Coming up with a down payment is one of the biggest hurdles young buyers face.  Zillow reports that less than half (39%) of millennials put down the recommended 20% or more on their home purchase, while 1 in 4 (21%) put down the bare minimum –5% or less — in order to secure a home loan.  One in 3 (29%) millennial buyers now gets financial help from friends or family to make a down payment, and 1 in 3 (31%) millennial buyers cobbles together a down payment from multiple sources.

The study reports that home ownership is out of reach for many Americans, including many families. In today’s hot housing market, more Americans are renting than at any time in recent history – 40% of families with children are renters.

Renters typically face higher monthly payments than homeowners, and 79% of renters who moved in the last year said the rent increase is the reason they moved.  In order to find their new affordable rental, 25% of renters had to look beyond the area they initially considered moving.  More than a third (37%) of renters who have not moved in the past year say they can’t afford to move elsewhere. Nearly half (48%) of renters who make less than $25,000 a year say they can’t afford to move.

Source:  Zillow Group/Builder

A Tale of Two Hurricanes: Equity Disparity in Harvey/Irma Housing Markets

Posted on October 03, 2017 by Laura Lam

Irma vs Harvey equityThe majority of borrowers impacted by Hurricane Harvey have a significant amount of equity, while about 350,000 in Hurricane Irma disaster areas have either limited or negative equity, according to Black Knight Financial Services.  Less than 0.5% of borrowers impacted by Hurricane Harvey were in negative equity positions before the storm hit, and less than 4% have below 10% equity.  In contrast, of borrowers in counties impacted by Hurricane Irma, 5.3% still owe more than the value of their home, and an additional 5.6% have less than 10% equity.  Nationwide, 1.4 million borrowers, or 2.8% of homeowners with mortgages, had negative equity in August.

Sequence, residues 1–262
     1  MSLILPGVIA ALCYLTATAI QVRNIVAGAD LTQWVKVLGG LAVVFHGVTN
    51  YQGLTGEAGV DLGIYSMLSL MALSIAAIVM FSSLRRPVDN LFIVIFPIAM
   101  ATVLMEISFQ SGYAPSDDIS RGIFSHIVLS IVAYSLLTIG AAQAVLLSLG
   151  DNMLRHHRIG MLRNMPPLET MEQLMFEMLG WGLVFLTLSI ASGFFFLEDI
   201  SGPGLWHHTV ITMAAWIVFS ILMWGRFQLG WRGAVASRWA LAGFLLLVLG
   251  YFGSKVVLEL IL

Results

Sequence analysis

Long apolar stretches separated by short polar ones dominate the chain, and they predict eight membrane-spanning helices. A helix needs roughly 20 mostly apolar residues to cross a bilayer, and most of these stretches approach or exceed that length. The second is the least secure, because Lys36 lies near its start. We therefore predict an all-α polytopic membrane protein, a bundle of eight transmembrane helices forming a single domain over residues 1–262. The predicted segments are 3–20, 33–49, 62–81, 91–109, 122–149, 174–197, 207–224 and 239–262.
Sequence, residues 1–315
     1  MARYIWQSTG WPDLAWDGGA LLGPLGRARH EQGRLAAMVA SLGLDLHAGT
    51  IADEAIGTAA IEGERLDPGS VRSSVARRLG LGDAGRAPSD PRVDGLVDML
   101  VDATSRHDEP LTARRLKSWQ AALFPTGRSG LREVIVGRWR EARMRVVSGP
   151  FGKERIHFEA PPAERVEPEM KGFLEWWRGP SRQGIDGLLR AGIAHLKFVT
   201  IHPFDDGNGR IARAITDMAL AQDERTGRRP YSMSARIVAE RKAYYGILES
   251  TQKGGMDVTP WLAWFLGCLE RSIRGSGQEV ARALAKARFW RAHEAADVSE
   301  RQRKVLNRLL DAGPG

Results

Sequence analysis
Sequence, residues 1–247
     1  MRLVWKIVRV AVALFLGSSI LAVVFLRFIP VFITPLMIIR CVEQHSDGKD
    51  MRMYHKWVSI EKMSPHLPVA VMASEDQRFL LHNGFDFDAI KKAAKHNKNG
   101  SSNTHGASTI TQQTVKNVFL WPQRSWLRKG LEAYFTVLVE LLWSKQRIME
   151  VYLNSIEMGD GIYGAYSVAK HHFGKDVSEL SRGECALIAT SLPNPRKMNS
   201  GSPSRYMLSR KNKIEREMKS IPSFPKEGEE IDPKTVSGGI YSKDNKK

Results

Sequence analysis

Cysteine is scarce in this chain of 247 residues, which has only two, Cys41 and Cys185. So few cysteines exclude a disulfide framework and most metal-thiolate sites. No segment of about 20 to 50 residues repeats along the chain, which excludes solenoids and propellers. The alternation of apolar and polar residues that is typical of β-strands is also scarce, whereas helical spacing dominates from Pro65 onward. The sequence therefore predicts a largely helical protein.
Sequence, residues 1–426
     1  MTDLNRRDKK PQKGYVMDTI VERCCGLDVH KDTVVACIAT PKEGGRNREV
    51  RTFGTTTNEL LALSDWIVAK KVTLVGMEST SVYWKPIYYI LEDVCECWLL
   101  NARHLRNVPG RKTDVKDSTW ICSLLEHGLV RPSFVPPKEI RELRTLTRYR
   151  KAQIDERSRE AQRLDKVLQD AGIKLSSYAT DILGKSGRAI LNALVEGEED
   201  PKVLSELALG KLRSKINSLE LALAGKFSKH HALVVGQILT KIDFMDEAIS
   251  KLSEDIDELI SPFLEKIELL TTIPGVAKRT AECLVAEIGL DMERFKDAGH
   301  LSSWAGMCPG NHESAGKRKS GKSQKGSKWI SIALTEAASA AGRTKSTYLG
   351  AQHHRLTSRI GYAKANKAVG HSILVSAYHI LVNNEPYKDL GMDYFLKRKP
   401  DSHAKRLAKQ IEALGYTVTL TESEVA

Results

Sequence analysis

“Before Hurricane Harvey made landfall, the average combined loan-to-value ratio for homeowners with mortgages in what became FEMA-designated disaster areas was 53%. Right on par with the national average, that’s the lowest we’ve seen since prior to 2004,” said Ben Graboske, Black Knight’s data and analytics executive vice president.  “This equates to approximately $131,000 in equity per borrower … and will likely serve as strong motivation for borrowers not to walk away from a storm-damaged home,” he continued.

Notably, more than 75% of mortgages for properties in Harvey-affected areas are held in Fannie Mae, Freddie Mac or Ginnie Mae securities, so the majority of borrowers affected by the storm will be able to find assistance under the various programs that have been instituted.